AUGUSTA — City councilors on Thursday are scheduled to consider an agreement with the U.S. Army Corps of Engineers to resolve an alleged violation of the Clean Water Act which took place as the city built an access road into the Bond Brook Recreation Area.

The alleged violation resulted from city officials deciding, during construction of an access road through the trails area on city-owned land between Augusta State Airport and the public works garage, to install a culvert and leave it in place.

The problem was the city’s permits for the project indicated a span bridge would be built where the culvert was installed. The culvert initially was meant to be there temporarily, according to City Services Director Leif Dahlin, but officials decided it worked so well at the site they would leave it in place.

They never changed the permit to reflect the change from a bridge to a culvert, however.

Dahlin said the city has since held a training session with state officials, which was attended by city staff and representatives from other area communities, on erosion control and best management practices.

“We were not sanctioned with a fine or any other consequences,” Dahlin said. The agreement “is an acknowledgment we made a mistake and that we would do what we could to make good on it. Because now it makes sense to leave the culvert in place.”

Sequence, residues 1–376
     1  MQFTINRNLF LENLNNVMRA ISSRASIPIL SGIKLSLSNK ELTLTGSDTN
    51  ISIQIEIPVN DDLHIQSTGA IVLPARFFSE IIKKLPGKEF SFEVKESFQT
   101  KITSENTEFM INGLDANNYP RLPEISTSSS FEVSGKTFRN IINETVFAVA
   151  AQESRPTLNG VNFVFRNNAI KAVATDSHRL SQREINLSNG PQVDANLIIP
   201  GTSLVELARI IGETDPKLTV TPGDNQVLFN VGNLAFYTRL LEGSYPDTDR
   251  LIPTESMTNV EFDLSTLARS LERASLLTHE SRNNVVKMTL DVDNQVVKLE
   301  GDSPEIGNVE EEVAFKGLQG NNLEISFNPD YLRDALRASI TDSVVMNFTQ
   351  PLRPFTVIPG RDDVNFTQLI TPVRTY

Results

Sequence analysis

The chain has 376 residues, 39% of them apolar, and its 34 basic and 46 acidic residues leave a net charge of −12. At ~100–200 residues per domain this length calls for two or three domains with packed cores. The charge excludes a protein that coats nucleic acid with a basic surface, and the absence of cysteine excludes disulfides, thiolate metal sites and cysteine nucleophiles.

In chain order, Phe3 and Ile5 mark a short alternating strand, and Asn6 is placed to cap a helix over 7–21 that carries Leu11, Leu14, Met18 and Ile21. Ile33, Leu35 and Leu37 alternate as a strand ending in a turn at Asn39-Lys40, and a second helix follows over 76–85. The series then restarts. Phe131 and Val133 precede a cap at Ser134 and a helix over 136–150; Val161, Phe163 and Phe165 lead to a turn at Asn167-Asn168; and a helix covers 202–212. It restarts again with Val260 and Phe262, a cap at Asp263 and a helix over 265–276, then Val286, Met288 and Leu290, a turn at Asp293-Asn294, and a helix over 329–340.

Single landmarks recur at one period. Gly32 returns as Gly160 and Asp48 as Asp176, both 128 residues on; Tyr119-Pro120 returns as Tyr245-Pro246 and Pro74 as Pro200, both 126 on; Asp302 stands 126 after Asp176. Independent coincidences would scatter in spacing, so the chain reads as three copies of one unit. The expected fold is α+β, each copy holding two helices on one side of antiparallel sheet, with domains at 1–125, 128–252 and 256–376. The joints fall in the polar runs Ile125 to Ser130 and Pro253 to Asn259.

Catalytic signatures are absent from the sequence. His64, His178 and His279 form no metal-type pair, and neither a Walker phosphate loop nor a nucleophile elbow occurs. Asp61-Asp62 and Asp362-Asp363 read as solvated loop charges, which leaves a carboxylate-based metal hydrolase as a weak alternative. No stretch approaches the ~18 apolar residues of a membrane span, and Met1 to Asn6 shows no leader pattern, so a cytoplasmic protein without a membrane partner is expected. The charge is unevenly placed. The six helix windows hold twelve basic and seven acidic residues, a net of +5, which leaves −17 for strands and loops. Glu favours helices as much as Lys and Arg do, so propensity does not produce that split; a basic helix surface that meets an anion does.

Thursday, city councilors are scheduled to consider authorizing City Manager William Bridgeo to execute a “tolling agreement” with the Army Corps of Engineers. The agreement essentially gives the Army Corps the right, if it decides to do so, to seek sanctions against the city for up to one year after the normal statute of limitations expires.

The agreement does not indicate the city actually committed a violation or that the corps plans to seek any sanctions. The agreement states the Corps “may file a complaint” for alleged violations, and notes the Corps has accepted an after-the-fact permit application from the city for the culvert.

The culvert crosses an unnamed tributary in the recreation area.

The tolling agreement goes to councilors at their meeting Thursday, which is scheduled for 7 p.m. in council chambers at Augusta City Center. Councilors also are scheduled to:

• consider increasing Police Department fees for copies of crash reports from $5 to $20; and dog impound fees from $15 to $35 for a first offense, from $25 to $50 for a second, and from $50 to $75 for a third;

• consider approving the establishment of a paddle park at East Side Boat Landing;


• consider accepting an $8,000 grant from the Maine Forest Service, meeting the requirement for a 20 percent city match, and developing a forest management plan;

• present the 2013 Mayor’s Recognition of Excellence Awards to Stacy’s Hallmark, Phyllis vonHerrlich and the Augusta Boys and Girls Club;

• accept a $2,500 donation from Robert Fuller to improve the entrance and install a sign at the city-owned Williams Park off Bangor Street, which is named for Fuller’s relative Reuel Williams;

• and Honor Ada C. Arnold for her 100th birthday.

Keith Edwards — 621-5647
[email protected]

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